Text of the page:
Passage, Jason Rohrer's memento mori game, was one of my favorite game experiences of 2007, not to mention one of the most emotional ones. If you haven't played it yet, you really have no excuse: It's free, available for practically every major current computing platform, and it only takes five minutes of your time. That's less time than it'd take me to summarize it!
Nonetheless, I'll try. Rohrer's project has two characters, one a playable male character, the other a female non-playable character, both stuck in a randomly generated environment. The male can chose to take the female as a spouse and travel with her at his side, or journey alone across the lands. As time moves on both characters age, and their field-of-view of the past decreases as they inch further and further towards the righthand side of the screen, regardless of any movement on their behalf.
Shortly before you reach the end of the screen, the woman dies, leaving a behind a simple tombstone which cripples the primary character (if the character chooses to take a spouse). Then, right before the five minute mark, you die, leaving behind the same tombstone. Both deaths are abrupt, but I was most moved by the suddenness of my spouse's death – one might say stunned. I did try to continue moving forward, but her death nagged gently on my mind until I expired.
Upon completing the game, I was struck by the fact that my spouse specifically died before I did. I replayed the game a few more times, observing her time-of-death, which was the same no matter what. I scratched my head, murmuring "in all statistical likelihood, she'd probably live longer than me. Quite a bit longer, in fact." Women, at least in the United States, live on average five years longer than men. And when a woman becomes a widow, she typically lives longer lives than a widower does (although it's worth noting that, in Passage, the wife dies at the same time, regardless of her marriage status).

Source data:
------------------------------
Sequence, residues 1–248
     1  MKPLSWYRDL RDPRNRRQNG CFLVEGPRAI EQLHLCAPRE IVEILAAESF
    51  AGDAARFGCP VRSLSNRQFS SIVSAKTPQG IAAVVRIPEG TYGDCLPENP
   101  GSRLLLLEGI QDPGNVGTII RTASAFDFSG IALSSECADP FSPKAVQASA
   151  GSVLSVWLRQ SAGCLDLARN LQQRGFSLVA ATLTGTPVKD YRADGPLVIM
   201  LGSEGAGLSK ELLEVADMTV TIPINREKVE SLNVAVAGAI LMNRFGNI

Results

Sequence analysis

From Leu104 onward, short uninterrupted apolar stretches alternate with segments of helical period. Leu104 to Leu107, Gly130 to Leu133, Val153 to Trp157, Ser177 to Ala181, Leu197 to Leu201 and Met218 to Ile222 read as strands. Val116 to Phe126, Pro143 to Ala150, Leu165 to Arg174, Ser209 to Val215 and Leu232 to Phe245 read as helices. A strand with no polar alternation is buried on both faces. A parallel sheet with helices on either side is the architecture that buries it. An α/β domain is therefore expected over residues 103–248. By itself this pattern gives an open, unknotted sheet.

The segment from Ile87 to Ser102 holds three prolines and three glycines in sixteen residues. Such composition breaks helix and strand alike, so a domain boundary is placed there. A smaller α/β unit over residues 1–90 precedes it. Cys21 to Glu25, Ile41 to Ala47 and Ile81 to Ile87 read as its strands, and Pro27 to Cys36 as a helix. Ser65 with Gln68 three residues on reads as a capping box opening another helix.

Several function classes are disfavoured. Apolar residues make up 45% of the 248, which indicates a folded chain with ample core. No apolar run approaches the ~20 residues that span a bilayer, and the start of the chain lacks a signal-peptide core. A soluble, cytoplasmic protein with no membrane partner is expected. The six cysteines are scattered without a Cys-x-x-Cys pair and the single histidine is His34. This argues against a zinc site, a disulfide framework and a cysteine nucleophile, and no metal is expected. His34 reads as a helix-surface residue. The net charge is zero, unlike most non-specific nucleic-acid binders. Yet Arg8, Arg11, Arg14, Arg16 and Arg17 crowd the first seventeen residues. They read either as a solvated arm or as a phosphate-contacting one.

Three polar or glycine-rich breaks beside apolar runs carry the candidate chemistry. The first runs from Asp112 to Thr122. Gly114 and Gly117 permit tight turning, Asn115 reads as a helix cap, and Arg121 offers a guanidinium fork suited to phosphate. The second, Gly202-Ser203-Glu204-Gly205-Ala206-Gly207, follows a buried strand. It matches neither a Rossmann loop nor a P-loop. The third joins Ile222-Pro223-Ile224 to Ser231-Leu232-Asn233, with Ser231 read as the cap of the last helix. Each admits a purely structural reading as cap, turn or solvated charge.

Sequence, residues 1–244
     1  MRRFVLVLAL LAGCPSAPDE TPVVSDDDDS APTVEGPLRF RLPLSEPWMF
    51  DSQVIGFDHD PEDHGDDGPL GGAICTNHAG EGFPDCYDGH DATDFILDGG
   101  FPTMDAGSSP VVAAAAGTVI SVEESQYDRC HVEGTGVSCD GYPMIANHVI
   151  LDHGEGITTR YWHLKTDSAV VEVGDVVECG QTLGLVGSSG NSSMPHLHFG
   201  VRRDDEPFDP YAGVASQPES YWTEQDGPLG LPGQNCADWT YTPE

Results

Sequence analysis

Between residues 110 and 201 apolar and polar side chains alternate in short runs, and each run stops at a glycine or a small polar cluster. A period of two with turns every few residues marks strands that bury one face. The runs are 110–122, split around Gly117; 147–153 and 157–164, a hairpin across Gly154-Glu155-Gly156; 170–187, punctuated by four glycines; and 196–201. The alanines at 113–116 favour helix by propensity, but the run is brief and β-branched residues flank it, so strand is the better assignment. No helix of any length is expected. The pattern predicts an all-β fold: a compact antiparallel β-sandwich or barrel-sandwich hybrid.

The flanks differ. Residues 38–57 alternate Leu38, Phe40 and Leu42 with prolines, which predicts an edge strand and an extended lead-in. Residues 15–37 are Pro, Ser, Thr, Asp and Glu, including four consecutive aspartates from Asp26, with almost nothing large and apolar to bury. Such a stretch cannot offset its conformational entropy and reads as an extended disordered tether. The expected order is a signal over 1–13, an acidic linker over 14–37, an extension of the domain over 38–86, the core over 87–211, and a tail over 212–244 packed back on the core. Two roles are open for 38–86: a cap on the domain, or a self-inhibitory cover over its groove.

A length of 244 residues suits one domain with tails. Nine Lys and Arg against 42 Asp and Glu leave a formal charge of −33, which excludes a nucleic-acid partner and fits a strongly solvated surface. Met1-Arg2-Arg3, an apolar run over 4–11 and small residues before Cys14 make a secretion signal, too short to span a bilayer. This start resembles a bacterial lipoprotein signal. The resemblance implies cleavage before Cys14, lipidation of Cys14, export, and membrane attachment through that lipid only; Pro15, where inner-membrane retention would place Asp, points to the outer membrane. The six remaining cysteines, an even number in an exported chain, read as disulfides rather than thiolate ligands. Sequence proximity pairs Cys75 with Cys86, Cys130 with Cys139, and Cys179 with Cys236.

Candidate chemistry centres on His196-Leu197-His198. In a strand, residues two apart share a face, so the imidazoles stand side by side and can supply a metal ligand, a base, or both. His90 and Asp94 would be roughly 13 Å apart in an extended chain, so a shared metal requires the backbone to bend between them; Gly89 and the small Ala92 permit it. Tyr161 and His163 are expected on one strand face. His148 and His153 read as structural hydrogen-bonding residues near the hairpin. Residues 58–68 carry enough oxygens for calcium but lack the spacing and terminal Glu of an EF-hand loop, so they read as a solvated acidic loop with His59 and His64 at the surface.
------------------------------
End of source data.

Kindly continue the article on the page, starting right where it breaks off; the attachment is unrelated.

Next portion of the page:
I can't help but be torn. On one hand, here's an intensely personal and moving work, a piece that Mr. Rohrer created as a way to come to terms with the recent loss of a friend and the existential struggles that lay in turning thirty. He even went as far as modeling the husband and wife characters after himself and his own spouse. But, on the other hand, I have to ask 'Why then?' She always dies four minutes and twelve seconds into the game (at least, according to my stopwatch), leaving the miserly old husband to fend for himself, crippled and alone, for nearly a minute. And while it's a startling display, to all of the sudden see and feel the loss of your spouse, this exactly-timed demise seems to be contrary to the randomly generated plots of land, not to mention the current mortality curve itself.
It could simply be about exposing the player to loss. Or it could just be a way to impart fear into the player, that the wife's death foreshadows the player's own inevitable demise. Or, it could be construed as a selfish thought by Mr. Rohrer to believe that he'll outlive his spouse, that this is how he envisions his life playing out, that those around him can't exist or continue without him.
Whatever the reason, whatever the intended effect, it certainly was intentional and that's what has me in a quandary. Is it right for me to judge this personal piece based on the intentional timing of the wife's death? Is it wrong for me to want to see how, not only myself, but how others would cope with the husband dying before her, forced to watch her from the heavens until she rejoins him? Simply giving the wife the same odds as the husband could have potentially had a more interesting and impacting effect on the player. So what's more important here, a more varied and representative reflection on mortality, or a restricted, personal, intentional one? Should I let it go and accept Passage's perspective for what it is?
Well, should I?